Print 35 comment(s) - last by NicodemusMM.. on Jan 14 at 10:37 PM

CGI Federal's contract expires February 28, and will not be renewed

The U.S. government's former contractor responsible for got the boot after the website proved to be faulty several times after launch, and now a new contractor is stepping in to clean up the mess. 

According to a new report from Reuters, Accenture is the new contractor in charge of The one-year contract is worth $45 million USD for the project's initial phase, with a total value of $90 million by the time it expires.

"Accenture will bring deep healthcare industry insight as well as proven experience building large-scale, public-facing websites to continue improving," said David Moskovitz, chief executive of Accenture Federal Services.'s first contractor, CGI Federal -- which launched the site back in October -- has carried much of the blame for the health insurance website's troubles.

For weeks after the initial launch, the site experienced slow speeds and loading messages preventing users from shopping the health insurance marketplace.   

CGI Federal blamed another contractor's software and ultimately the federal government on October 23 for the website's terrible performance. 


CGI Federal's government contract for will expire February 28, 2014, and the contractor said it will not be renewed. 

Back in November, Republican investigators with the House of Representatives Energy and Commerce Committee launched an investigation of the's troubles, and found emails from the project manager back in July 2013 that warned of potential issues that could arise. project manager Henry Chao sent an email out about the site's main contractor, CGI Federal, on July 16 saying that he "needs to feel more confident they are not going to crash the plane at take-off."

Staff shortages, problems with contractors and software issues were among the issues discussed prior to's launch.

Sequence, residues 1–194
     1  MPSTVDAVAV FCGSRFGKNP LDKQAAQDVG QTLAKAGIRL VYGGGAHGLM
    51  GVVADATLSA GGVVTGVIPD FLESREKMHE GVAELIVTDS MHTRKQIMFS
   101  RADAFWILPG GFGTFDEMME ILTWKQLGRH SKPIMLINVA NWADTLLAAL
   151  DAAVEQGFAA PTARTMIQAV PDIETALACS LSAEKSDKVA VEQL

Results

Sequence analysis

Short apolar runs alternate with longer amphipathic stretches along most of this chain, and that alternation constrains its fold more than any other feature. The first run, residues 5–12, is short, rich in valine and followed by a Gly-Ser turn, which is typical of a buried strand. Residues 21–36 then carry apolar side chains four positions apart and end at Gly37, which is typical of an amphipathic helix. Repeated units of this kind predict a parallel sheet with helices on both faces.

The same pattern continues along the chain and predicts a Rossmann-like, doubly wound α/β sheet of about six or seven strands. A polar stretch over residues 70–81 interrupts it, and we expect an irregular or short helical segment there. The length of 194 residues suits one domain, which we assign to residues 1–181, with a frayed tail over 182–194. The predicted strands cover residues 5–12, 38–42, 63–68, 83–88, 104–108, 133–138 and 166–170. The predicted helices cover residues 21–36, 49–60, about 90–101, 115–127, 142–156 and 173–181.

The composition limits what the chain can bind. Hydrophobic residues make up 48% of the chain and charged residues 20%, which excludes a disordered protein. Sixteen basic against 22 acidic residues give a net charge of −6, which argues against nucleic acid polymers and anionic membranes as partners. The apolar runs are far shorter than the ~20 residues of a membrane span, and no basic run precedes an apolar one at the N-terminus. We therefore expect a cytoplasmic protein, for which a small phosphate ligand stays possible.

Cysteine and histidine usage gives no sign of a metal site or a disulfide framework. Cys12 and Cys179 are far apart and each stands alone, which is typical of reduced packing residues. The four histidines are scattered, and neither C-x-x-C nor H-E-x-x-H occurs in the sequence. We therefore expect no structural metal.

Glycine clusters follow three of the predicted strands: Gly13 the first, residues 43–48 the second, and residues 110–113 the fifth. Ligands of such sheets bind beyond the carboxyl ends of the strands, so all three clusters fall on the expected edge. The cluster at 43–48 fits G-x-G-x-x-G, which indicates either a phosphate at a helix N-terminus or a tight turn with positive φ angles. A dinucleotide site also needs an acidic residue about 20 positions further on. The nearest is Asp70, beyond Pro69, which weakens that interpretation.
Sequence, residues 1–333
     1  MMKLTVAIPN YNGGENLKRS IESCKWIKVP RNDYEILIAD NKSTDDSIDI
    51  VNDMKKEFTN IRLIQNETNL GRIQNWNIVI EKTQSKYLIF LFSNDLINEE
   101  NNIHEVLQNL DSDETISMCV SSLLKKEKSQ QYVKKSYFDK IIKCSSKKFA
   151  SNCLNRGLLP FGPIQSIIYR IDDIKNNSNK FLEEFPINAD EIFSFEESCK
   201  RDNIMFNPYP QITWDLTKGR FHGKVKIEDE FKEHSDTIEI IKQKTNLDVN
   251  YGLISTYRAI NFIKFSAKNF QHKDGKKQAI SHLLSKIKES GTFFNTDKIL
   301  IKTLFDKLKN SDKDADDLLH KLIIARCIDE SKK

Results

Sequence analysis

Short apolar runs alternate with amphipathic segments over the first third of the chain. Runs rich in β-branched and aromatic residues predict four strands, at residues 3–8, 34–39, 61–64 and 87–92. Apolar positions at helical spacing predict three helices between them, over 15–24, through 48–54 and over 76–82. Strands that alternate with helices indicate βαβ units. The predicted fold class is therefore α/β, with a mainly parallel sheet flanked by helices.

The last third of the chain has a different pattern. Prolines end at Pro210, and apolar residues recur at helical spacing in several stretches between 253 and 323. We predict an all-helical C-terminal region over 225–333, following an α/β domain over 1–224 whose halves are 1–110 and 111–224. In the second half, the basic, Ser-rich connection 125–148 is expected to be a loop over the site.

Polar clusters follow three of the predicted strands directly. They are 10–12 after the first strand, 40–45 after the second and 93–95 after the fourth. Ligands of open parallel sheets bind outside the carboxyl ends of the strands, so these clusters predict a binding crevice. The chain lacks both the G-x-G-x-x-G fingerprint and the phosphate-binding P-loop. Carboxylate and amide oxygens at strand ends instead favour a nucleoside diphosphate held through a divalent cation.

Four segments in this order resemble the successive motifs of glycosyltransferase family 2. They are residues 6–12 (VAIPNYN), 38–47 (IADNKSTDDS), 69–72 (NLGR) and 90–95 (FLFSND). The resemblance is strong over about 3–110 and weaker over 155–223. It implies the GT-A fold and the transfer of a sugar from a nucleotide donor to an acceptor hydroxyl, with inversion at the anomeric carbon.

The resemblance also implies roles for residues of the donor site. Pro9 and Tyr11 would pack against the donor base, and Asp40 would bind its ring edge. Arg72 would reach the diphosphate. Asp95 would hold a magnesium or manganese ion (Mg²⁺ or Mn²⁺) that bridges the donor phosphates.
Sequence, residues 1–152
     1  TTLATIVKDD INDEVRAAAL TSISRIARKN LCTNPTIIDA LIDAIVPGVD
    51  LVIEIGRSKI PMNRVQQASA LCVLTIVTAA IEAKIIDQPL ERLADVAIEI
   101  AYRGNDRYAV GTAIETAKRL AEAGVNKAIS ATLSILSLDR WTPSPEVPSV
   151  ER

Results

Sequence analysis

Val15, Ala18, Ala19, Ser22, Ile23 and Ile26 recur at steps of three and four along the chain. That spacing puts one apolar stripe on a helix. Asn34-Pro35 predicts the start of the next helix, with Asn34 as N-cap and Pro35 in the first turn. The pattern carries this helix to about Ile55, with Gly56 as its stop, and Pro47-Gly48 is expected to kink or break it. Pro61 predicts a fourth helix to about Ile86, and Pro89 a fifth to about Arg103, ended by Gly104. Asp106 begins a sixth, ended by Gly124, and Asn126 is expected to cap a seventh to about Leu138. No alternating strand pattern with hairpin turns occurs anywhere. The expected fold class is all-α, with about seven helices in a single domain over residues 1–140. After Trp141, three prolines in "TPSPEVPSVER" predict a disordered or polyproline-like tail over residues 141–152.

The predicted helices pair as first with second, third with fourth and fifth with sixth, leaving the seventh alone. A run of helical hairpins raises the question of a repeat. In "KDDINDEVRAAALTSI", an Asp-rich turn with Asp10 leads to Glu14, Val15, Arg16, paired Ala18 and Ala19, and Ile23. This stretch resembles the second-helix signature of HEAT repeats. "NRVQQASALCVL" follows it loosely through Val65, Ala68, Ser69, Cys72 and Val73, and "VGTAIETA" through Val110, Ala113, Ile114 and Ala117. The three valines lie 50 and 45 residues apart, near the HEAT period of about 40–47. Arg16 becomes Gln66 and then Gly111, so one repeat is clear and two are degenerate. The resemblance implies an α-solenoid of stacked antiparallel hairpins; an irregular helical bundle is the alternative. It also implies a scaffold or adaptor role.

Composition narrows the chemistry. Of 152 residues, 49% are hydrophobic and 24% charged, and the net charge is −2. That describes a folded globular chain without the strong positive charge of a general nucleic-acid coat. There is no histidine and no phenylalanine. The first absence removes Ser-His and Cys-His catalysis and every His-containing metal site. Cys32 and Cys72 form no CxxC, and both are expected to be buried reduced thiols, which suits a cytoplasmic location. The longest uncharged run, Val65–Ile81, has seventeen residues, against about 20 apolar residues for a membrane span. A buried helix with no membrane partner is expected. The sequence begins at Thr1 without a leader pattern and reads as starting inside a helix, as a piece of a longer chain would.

Microsoft even offered its help with's technical issues. The House Oversight Committee sent letters to others as well, such as Kayak and Verizon, looking for help.

President Barack Obama met with tech leaders in December to talk about's problems, and the government ended up pulling former Microsoft Office executive Kurt DelBene in to help out. 

Obama has called the website glitches "unacceptable." 

Source: Reuters

Comments     Threshold

This article is over a month old, voting and posting comments is disabled

RE: Canadian
By ipay on 1/13/2014 11:10:01 AM , Rating: 3
You can keep your broken website if that makes you happier.
Uhhh... who's suggesting that?

Anyway... one of the real problems is the process involved in becoming a government contractor. Often the best and most nimble companies are not interested in or equipped to navigate the red tape, bureaucracy, or bribes, er... I mean lobbying required to get on the approved vendor lists. When your business is really getting contracts and not the services themselves, things are gonna sucks.

RE: Canadian
By MrBlastman on 1/13/2014 11:45:56 AM , Rating: 5
one of the real problems is...

... allowing any of this repugnant legislation to ever have been passed.

RE: Canadian
By Schrag4 on 1/13/2014 12:34:32 PM , Rating: 5
Maybe he meant:

"If you're happy with your current website, you can keep it!"

Sorry, couldn't resist.

RE: Canadian
By NicodemusMM on 1/14/2014 10:37:25 PM , Rating: 2
There's decent money in being a government contractor, but it's not worth the headache, imo. Take for example. When the client is the government and has the ability to change the requested product with four months to deadline, but also retains the ability to shift the blame far past said deadline, they are no longer the client... they're a businesses worst nightmare.

“And I don't know why [Apple is] acting like it’s superior. I don't even get it. What are they trying to say?” -- Bill Gates on the Mac ads

Copyright 2016 DailyTech LLC. - RSS Feed | Advertise | About Us | Ethics | FAQ | Terms, Conditions & Privacy Information | Kristopher Kubicki